We’re always bombarded by how great it is to pursue your passion, etc. – but we’ve spoken with enough people to know that it’s not always easy. Overall, would you say things have been easy for you?
Oh, no, it’s never been a smooth road. I’ve been very blessed, yes, and have been given many wonderful opportunities along the way, but it hasn’t come without much pain, tears, fears, and sacrifices, both on my part, and on the part of others around me, especially my parents.

I don’t come from a privileged home or background. For example, when my grandparents first got married, they lived in a shack with no electricity, no running water, and no indoor plumbing. My grandmother had to do laundry on a washboard by the river. She rocked her eldest to sleep in a handmade crib that my grandfather fashioned out of logs and twigs. But, with hard work, perseverance, and an entrepreneurial spirit, they gradually set themselves up for greater successes. My grandfather is a huge inspiration to me. He has always supported my musical pursuits, and showed by his life that even when times are tough, even when obstacles are in your way, you’re not defined by your problems but rather by how you react to them.

In my own life, I faced lots of doubts, insecurities, and feelings of being insufficient. I think that’s something we can all relate to at some level. I grew up in an area that is saturated with sports and hunting. There’s little room for the arts and finer things when you’re a teen boy in rural New Hampshire. But I couldn’t give up on my dream of being a professional musician, even though it sometimes made me feel like a freak. There were times I became overwhelmed and wanted to quit, but, in the end, I was pulled under too strongly by the current of music.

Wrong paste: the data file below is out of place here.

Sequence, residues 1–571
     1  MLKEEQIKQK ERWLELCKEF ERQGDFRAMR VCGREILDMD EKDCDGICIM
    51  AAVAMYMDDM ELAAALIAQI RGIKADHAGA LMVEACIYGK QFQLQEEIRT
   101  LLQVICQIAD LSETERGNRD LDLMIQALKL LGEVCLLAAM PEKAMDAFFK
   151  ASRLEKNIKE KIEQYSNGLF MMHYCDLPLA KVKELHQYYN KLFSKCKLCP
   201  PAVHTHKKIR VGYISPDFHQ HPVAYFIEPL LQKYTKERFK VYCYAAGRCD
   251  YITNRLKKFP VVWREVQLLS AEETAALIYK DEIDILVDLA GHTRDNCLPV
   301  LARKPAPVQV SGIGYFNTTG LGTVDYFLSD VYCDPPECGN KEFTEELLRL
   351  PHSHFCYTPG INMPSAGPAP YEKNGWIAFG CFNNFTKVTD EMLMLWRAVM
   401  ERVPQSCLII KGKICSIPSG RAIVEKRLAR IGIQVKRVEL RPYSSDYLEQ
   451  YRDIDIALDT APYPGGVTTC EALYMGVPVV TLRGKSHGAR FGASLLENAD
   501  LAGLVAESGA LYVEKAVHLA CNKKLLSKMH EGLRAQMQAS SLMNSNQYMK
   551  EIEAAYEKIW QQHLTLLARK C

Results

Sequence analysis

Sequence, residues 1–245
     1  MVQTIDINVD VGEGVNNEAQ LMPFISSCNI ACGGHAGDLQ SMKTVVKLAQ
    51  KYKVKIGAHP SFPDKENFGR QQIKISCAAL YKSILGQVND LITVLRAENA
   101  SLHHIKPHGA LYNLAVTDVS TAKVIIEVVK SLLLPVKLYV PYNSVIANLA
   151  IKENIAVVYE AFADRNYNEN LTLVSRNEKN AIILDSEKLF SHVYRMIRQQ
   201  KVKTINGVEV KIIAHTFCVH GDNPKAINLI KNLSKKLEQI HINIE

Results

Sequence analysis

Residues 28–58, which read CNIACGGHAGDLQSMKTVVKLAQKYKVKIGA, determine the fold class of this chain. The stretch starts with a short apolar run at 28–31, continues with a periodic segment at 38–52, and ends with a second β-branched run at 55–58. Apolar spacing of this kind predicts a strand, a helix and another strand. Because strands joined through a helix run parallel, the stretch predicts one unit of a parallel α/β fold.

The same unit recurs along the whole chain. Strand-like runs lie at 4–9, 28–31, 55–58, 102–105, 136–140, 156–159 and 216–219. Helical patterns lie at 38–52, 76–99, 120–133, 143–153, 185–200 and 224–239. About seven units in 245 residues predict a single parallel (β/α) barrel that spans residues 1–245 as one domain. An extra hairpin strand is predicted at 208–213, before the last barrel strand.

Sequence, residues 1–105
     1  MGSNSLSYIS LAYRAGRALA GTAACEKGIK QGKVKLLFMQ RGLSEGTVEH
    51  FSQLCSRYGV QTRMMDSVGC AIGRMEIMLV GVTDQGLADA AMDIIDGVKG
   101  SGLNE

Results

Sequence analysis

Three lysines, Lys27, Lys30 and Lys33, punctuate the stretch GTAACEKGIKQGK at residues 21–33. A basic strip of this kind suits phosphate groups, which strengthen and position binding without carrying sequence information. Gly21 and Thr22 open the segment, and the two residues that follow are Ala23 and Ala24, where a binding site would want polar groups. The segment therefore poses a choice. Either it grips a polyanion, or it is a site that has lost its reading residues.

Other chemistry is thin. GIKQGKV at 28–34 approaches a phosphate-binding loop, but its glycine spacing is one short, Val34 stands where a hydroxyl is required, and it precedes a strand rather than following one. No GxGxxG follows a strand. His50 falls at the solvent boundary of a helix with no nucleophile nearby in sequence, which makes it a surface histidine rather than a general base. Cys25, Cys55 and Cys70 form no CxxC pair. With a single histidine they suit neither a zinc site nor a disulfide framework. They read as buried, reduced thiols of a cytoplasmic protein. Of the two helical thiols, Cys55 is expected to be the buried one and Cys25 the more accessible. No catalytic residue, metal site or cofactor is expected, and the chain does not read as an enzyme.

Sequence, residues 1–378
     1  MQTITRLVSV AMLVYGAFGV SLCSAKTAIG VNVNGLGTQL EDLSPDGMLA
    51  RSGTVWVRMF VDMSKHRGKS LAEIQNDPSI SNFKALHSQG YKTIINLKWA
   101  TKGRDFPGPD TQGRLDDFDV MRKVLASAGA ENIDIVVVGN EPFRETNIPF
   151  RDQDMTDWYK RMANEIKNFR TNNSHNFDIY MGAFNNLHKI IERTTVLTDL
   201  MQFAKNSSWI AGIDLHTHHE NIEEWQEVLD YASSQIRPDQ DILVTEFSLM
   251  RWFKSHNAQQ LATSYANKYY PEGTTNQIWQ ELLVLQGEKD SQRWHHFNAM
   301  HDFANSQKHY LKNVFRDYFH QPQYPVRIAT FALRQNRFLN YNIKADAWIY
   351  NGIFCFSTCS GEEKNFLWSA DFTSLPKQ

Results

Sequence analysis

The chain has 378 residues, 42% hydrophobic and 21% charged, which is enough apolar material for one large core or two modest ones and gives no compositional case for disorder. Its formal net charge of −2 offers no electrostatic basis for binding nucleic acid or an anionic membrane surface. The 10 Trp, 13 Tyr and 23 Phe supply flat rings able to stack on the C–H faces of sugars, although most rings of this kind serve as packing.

I remember a season of time that was particularly tough for my family financially. We were living with some friends of ours in their upstairs, and there was no room for my piano there, so it had to be stored in their unheated barn. In the winter, I’d put on ski pants and a heavy jacket, and armed with hat and gloves, I’d go out and play my piano. We couldn’t afford lessons at that time either, but when my friend downstairs would have his piano lessons, I’d watch and listen from the air vent above his piano. Kind of creepy to think of now, but at the time I was just eager to learn whatever I could however I could.

My grandparents never had the chance to attend high school, and my parents didn’t graduate college, so being the first person in my direct family line to pursue higher education and get a degree was a rather difficult and lonely road. I had to pay all my own way through college, while also working year-round. But let me tell you, it makes you appreciate your education a whole lot more. So many times, I wouldn’t even know if I’d be flying back to LA for my next semester until just days before leaving, because funding hadn’t come though yet.

As a composer and performer, I’ve always battled fears of not being good enough. I still am learning that it’s more about being faithful to who you are as an artist and sharing the art that’s within you than it is about conforming to another person’s idea of greatness. I’m still learning to take risks, think outside the box, and pursue original creativity. Even though I’ve faced adversity, it’s my sincere hope that these bumps in the road have chiseled me into an artist, teacher, and person that is just better able to move and inspire others.

So, let’s switch gears a bit and go into the Lessons by Lyle Michaud story. Tell us more about the business.
Well I’m a pianist, instructor, and composer. As a pianist, I specialize in playing for weddings and other events, often arranging the music myself to give it a sense of consistency and specialization (which works especially well with the unpredictable nature of weddings). I’ve also played in a variety of bands, and enjoy playing in churches as well. One thing I’m known for is arranging piano solo medleys of, say, movie themes or hymn tunes etc.